“Stradlin has a stronger presence on IE1 which makes it the “harder-rocking record.” E1Use Your Illusion II is more serious and ambitious than I, but it’s also considerably more pretentious.” E2 “It can be a chore to find the highlights…amid the overblown production and endless amounts of filler,” E1 but “grandiose epics” E2 such as November Rain and Civil War make for “ambitious set pieces” E1 and there are some songs with “a nervy energy.” E2


Awards for Use Your Illusion I and II:

Resources and Related Links:

Tuesday, September 10, 1991

Nirvana charted with “Smells Like Teen Spirit”

First posted 7/12/2014; updated 4/20/2019.

Smells Like Teen Spirit

Nirvana

Writer(s): Kurt Cobain/Nirvana (see lyrics here)


Released: 9/10/1991


Peak: 6 US, 5 CB, 7 AR, 11 MR, 7 UK, 9 CN, 5 AU (Click for codes to singles charts.)


Sales *: 3.84 US, 1.2 UK, 8.0 world (includes US + UK)


Radio Airplay *: --


Video Airplay *: 898.72


Streaming *: 200.0


* in millions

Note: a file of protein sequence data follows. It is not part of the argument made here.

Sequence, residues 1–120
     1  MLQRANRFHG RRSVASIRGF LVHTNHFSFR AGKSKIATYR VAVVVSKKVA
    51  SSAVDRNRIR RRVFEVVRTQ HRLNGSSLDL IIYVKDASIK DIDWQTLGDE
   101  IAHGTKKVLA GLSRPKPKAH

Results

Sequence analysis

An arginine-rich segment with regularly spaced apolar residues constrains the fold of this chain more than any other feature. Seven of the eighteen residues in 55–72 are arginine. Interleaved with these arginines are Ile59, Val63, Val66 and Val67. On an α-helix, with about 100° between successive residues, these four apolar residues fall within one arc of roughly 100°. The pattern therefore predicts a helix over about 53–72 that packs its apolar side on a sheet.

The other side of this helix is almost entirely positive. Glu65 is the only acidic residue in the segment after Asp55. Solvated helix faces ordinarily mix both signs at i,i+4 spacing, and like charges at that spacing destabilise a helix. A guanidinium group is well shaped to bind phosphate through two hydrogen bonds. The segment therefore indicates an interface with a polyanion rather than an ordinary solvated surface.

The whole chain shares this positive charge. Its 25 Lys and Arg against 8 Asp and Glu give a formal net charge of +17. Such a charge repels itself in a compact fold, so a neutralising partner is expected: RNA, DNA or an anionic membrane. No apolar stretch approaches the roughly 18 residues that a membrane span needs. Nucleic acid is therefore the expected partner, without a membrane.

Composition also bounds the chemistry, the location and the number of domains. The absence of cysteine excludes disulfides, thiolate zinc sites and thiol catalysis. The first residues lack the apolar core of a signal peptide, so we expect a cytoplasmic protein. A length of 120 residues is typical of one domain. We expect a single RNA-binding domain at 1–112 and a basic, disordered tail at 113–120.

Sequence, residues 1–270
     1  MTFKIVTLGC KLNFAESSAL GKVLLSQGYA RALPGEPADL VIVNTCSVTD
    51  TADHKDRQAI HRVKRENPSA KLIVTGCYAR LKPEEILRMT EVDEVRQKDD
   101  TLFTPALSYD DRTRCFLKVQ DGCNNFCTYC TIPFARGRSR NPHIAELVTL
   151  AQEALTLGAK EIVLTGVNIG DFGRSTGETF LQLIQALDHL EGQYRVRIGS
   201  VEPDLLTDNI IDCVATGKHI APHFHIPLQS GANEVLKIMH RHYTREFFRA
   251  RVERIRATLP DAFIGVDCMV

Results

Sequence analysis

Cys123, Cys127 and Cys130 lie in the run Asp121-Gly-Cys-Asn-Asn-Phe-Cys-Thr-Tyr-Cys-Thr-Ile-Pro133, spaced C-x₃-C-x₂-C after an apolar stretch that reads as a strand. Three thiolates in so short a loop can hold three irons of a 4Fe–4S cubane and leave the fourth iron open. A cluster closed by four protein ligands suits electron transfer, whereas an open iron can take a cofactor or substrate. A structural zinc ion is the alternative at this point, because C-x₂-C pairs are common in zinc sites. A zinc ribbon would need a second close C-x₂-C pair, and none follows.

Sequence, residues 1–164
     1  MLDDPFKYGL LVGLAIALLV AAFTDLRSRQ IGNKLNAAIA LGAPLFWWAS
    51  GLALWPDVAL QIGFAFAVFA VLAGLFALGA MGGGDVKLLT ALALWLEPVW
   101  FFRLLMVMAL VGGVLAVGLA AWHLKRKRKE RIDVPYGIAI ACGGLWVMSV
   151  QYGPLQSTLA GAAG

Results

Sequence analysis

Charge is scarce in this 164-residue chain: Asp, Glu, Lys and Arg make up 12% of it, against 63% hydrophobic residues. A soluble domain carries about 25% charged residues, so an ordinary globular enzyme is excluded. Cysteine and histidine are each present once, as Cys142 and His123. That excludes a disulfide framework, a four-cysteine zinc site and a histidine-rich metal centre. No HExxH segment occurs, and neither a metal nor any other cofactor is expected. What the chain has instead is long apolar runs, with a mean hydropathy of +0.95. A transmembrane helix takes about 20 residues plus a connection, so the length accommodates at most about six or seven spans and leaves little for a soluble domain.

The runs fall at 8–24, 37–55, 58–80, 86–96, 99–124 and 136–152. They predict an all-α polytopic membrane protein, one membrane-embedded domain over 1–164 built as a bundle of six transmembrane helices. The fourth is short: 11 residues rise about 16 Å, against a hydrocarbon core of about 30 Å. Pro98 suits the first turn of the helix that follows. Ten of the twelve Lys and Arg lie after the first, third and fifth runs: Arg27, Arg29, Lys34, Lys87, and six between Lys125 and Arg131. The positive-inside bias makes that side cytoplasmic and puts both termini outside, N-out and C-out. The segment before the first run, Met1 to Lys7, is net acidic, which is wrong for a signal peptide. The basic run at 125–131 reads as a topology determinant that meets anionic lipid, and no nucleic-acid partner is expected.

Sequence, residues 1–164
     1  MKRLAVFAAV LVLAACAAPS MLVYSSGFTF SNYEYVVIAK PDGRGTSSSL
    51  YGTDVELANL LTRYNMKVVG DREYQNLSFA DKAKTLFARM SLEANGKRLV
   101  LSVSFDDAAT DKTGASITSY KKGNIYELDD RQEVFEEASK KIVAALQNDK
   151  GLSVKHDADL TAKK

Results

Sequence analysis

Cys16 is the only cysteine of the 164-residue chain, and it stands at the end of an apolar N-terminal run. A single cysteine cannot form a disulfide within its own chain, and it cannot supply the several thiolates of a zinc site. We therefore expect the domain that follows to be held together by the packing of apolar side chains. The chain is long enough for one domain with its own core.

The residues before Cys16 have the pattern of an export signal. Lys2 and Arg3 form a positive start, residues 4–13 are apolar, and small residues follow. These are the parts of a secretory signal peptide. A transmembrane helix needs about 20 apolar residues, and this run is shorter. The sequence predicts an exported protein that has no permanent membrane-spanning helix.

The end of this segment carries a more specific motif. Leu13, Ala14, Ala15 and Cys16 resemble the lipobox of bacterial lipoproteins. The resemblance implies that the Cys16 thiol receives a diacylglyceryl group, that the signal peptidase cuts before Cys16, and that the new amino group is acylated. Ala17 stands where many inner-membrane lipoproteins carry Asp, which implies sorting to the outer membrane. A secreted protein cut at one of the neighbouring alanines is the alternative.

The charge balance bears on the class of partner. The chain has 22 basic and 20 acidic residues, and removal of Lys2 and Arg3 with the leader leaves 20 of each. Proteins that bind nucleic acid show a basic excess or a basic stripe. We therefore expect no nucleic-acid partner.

Review:

The song that sparked the grunge movement of the ‘90s owes its inspiration to perspiration. Kathleen Hanna of punk band Bikini Kill scrawled the phrase “Kurt smells like Teen Spirit,” a reference to a deodorant, on Nirvana singer/songwriter Kurt Cobain’s bedroom wall. However, he interpreted it as her suggestion “that he could incite teenage rebellion” LW-170 and crafted an anti-commercial message in what became an ironically monstrous commercial success.

As producer Bruce Vig said, Cobain “had the dichotomy of punk rage and alientation…but also this vulnerable pop sensibility.” RS500 Upon arriving at parties, Cobain used to utter the song’s chorus (“Here we are now/ Entertain us”) to break the ice. RS500 Much as the public and critics had embraced punk fifteen years earlier, they now took to this new form of music which would revolutionize the industry.